Seeking investors, MEPA has listed the “opportunities:” 26,000 rivers; 860 lakes; 12 reservoirs; numerous fish-breeding ponds; 80 species of fish; over 100 species of crustaceans; and 58 types of shellfish. On the demand side, while Georgians are not big fish eaters, tourists are, and their numbers are recovering fast.
Most of the fish from farms on Georgian tables is imported, with only 10 to 15% coming from local production, according to Georgia’s National Statistics, and most is supplied frozen. Exports are “insignificant… and unstable,” it says. The risks in aquaculture are shown by the survival rate of only 16% among start-ups between 2014 and 2018.
While a small player compared to the local regional fish production giants of Turkey, Russia, and Iran, Georgia is seen as having plenty of untapped potential, with Armenia held up as an example. According to the AFD study, Armenia’s aquaculture has boomed. Foreign investors have brought in money, technical innovation, experience, and access to markets as widely spread as the US, the Middle East, Russia, and Georgia. This has driven production in this small and land-locked country to a size around ten times that of Georgia. Emulating that would bring Georgia not only revenue-saving import substitution, but new export markets, with the EC potentially open to sales when international standards are met, and more income for small family farms.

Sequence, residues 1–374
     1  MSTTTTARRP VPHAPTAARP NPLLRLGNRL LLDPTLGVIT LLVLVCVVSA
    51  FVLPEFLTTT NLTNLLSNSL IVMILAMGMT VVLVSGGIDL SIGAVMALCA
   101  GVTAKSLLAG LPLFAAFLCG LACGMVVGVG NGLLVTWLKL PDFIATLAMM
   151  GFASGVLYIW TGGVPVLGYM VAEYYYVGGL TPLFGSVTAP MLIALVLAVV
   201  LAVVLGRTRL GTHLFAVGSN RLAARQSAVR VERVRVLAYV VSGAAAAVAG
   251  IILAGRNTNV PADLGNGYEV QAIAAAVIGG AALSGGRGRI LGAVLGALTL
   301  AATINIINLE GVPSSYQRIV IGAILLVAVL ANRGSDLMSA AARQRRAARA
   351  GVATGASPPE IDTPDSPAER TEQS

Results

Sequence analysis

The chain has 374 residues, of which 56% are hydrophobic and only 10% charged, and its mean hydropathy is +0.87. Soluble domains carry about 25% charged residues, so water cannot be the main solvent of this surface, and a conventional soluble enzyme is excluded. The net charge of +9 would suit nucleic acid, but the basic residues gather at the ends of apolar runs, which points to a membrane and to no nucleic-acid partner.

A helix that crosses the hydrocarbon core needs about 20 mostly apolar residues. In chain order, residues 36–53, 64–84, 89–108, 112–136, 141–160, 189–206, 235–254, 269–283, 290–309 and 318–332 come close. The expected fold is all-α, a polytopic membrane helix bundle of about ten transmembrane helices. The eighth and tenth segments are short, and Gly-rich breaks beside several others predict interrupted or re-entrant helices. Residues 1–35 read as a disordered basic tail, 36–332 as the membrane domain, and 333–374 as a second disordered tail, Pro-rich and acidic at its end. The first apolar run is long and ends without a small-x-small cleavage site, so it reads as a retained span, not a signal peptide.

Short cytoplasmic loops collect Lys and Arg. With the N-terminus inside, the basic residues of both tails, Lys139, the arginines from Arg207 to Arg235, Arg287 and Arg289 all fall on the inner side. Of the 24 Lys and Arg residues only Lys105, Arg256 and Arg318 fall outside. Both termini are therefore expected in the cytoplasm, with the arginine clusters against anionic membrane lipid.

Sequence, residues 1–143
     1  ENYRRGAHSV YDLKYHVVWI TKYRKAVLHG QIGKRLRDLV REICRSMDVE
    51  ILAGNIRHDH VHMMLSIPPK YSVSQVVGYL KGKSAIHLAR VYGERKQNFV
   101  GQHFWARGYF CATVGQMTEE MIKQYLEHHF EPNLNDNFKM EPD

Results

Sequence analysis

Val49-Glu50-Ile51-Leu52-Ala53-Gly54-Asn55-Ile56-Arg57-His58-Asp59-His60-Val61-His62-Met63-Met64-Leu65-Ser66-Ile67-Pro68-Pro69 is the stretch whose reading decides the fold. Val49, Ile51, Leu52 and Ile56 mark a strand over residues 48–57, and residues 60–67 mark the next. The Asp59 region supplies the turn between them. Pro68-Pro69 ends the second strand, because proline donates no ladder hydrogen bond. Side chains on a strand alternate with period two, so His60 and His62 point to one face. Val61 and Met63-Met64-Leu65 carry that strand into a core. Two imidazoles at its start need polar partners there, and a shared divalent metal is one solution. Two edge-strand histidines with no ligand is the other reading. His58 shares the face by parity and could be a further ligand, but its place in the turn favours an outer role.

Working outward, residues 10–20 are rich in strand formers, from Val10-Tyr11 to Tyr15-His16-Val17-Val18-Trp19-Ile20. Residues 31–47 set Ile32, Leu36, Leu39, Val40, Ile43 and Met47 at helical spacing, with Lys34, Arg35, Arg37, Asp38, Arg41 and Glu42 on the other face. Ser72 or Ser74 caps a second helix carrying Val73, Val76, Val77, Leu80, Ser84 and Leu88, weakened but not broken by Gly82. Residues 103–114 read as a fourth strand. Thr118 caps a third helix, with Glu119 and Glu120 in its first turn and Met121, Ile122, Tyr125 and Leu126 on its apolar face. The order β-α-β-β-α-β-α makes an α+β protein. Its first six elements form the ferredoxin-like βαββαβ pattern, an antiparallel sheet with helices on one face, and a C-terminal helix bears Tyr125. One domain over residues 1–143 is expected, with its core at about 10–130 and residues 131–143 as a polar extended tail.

Among the lessons from Armenia that the EC is passing on to Georgia is the importance of operating at the high value-end in terms of species. “While Georgia still produces a relatively large share of lower value carp fish, fast growing countries such as Armenia have shifted their production for a large share to high value species such as trout and sturgeon and its caviar,” states AFD in its Georgia Market Profile.
Georgia does have success stories already. One has been Malkhaz Shubalidze, who over ten years has built Georgian Fish & Caviar, located on four hectares in his native Kobuleti, producing red and black caviar. Situated on the Kintrishi River, it is surrounded by a 105-meter monolithic dam that protects agriculture. Years of hard work, the employment of international professional management, and plenty of staff training have enabled him to meet “all European standards of safety and groundwater system.”
Now his plan, he told Forbes, is to “expand the existing farm, build a certified caviar workshop, and create a Colchis sturgeon farm.” The farm has successfully bred 1,000 Colchian sturgeon specimens, working with the Batumi Aquarium.